When I was a freelancer early in my journalism career, one of my biggest frustrations was not having a clip file to find out what had already been reported on a story and get a list of sources on a particular topic.
The Internet has changed all that, providing freelancers with the equivalent of a massive online newspaper morgue that can be mined for background information on any story.
Here are some of the best Web sites a journalist can use to locate news stories.
For the latest articles on a breaking news event, it's hard to beat moreover.com.
A media 'aggregation' service, moreover.com scans 1,500 news and information sources on the Internet as often as every 15 minutes, and catalogs the stories it finds at each site.
You just type some keywords into the 'Find that story' search box on the right of the moreover.com home page, and the headlines of any stories matching your terms are retrieved, with the most recent ones listed first.
Click on a headline would take you to the full text of the story (or, in some cases, a streaming audio broadcast) at the media outlet's Web site.
Most of the stories moreover.com includes in its database are free. Those that require filling out an online registration form are marked with the notation 'reg,' and the few that charge a subscription fee are labeled 'sub' (such as the Wall Street Journal's online edition).
A similar news aggregation service is TotalNews.
TotalNews also scans hundreds of Internet news sites every few hours and lets you do a global search of all those news sources by keyword. It purges stories older than about 10 days from its database, while moreover.com keeps stories as old as five months.
What if you need earlier stories?
Online Story Archives
One site to try is 'U.S. Newspaper Archives on the Web', run by The Special Libraries Association, an organization for news librarians.
This site lists newspapers on the Web that have searchable databases of back issues. The list includes the Internet address of each database, the range of publication dates available and whether fees are charged to access the stories.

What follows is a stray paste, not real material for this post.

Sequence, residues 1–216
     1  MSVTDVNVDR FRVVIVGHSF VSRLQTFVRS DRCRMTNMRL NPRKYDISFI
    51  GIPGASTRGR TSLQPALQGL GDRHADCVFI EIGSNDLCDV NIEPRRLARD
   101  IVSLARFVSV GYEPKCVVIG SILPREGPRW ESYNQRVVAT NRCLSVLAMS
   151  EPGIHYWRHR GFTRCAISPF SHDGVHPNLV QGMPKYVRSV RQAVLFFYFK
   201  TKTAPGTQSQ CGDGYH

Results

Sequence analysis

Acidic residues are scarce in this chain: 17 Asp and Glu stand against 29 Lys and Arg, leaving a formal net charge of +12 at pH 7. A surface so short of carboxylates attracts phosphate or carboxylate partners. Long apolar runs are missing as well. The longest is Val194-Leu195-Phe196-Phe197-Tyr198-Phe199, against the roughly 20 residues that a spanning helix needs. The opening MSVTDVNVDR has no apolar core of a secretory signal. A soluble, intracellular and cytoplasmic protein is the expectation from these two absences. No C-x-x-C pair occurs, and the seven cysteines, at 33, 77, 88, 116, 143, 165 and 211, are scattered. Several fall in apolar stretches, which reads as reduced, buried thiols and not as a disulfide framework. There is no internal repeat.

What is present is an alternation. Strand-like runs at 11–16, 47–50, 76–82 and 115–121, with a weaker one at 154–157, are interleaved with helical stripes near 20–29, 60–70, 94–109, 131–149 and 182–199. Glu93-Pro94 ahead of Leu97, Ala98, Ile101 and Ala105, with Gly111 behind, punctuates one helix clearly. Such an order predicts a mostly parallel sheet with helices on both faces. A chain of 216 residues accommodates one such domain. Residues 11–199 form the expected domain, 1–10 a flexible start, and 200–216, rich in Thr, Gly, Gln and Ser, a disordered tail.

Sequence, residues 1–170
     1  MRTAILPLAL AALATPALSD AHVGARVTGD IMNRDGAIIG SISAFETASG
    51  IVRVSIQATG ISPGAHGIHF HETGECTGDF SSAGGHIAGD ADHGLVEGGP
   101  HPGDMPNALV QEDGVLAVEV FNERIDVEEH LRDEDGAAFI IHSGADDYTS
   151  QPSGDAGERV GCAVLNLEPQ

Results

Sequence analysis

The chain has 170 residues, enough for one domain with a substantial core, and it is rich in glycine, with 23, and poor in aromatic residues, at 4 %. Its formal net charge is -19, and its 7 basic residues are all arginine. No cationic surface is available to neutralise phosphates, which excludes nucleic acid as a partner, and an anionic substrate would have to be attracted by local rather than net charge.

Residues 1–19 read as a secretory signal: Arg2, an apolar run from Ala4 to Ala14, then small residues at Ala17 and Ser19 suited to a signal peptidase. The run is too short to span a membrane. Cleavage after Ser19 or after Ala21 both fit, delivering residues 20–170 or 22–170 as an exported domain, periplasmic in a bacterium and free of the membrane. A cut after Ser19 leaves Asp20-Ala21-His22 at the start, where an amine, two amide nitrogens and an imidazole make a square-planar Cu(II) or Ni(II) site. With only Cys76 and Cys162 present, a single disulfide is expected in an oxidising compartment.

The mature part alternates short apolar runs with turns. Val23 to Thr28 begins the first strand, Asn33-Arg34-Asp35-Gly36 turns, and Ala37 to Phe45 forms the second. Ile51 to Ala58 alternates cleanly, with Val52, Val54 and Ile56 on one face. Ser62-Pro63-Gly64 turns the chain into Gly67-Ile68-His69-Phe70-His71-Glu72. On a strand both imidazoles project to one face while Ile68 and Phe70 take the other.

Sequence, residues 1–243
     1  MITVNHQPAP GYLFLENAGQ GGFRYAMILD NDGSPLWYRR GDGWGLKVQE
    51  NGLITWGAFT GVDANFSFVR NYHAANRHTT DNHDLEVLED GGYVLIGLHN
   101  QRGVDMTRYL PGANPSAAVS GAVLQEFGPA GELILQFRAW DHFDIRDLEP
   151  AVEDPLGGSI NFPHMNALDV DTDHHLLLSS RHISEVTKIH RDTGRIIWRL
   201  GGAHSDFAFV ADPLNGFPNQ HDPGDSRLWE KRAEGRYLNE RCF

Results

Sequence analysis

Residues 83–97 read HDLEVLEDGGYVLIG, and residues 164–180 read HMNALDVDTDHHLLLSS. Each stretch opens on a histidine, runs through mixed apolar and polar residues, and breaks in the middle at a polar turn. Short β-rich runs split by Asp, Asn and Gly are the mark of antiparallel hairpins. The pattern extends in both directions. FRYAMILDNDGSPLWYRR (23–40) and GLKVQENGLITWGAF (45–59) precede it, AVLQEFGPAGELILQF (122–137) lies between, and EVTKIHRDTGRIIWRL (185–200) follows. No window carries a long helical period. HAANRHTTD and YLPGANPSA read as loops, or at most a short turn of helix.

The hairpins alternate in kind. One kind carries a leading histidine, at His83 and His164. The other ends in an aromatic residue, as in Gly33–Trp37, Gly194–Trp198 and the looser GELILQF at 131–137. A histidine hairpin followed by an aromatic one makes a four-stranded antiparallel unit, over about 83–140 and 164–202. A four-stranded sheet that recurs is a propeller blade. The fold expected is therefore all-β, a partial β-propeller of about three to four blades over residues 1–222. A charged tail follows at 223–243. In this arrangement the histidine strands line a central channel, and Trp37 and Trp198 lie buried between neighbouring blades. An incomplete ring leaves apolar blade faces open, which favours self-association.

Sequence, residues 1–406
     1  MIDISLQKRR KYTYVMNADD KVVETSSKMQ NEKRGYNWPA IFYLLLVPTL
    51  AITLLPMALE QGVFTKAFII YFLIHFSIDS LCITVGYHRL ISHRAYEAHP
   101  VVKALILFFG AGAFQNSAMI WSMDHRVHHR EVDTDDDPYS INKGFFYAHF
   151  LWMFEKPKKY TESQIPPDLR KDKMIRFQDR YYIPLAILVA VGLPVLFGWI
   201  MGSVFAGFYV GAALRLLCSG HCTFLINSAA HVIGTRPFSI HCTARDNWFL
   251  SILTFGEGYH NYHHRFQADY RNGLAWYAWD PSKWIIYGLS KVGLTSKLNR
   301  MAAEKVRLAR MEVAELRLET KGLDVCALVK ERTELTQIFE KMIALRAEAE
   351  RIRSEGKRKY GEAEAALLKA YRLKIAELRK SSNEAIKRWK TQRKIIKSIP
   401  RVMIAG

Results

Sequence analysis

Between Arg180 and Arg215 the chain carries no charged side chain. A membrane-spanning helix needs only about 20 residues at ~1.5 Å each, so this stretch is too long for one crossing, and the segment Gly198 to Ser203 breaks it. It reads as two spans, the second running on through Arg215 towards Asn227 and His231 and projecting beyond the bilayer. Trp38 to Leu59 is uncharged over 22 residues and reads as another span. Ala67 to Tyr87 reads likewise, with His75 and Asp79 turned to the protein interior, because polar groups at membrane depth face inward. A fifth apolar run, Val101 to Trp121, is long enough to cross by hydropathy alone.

And there's a separate list for non-U.S. newspapers.
Several other Web services also track what newspaper databases are available online. A list of those has been compiled at the Library of Congress' newspaper indexes site.
For magazine story archives, you can try FindArticles.com, which has a database of 300 magazines and journals going back to 1998.
At FindArticles.com, your search words are applied to headlines, bylines and a list of keywords in articles in those magazines and journals. To see which publications are available in the FindArticles.com database, at the home page click on the highlighted words 'by Name: A-Z.'
Another source of older stories is the 'Special Collection' section of the Northern Light search engine. This is a database of articles from 7,100 newswires, magazines, journals, books, and other reference materials.
To search the collection, go to the Northern Light power search page, type your keywords into the search box and select the button for 'Special Collection.'
If your words appear in any of the Special Collection articles, an abstract of the story will be retrieved. To see the full story, you'll have to pay a $1 to $4 fee.
Similarly, the UnCover online service lets you search titles and keywords for more than 10 million articles that appeared in 18,000 journals in the past 12 years.
At the UnCover site, click on the 'Search UnCover' button on the left to begin a search.
As with Northern Light, you can search for free to get article abstracts, but you then must pay to have the full text faxed to you. That costs $10 plus whatever copyright fee the publication charges.
The UnCover site recommends you check with your local library to see if it carries the publication, which you can read for free.
You also can jot down the information in an article abstract and try finding the publication's Web site to see if the story might be available there for free.
Finding Media Web Sites
To locate the Web pages of particular publications, you can use the familiar Yahoo index or the AJR NewsLink site, home page for the American Journalism Review.
Yahoo has a news media directory where you type the name of a media outlet into the search box. Click on the button to the right for searching 'just this category.'
NewsLink has an online catalog of the Web sites for newspapers, magazines, radio and television stations and networks throughout the world. To search the lists, at the main NewsLink page click on the 'search' link in the menu on the left.
Not sure what the name of a media outlet is in a particular city?Try HomeTownFreePress, which indexes 5,000 newspapers around the world by the names of the cities they serve.
Another good site for locating publications is PubList.com, which has 150,000 magazines, journals and newsletters in its directory. Unlike many of the other online indexes, PubList also catalogs Internet-only publications such as Salon, Feed and Suck.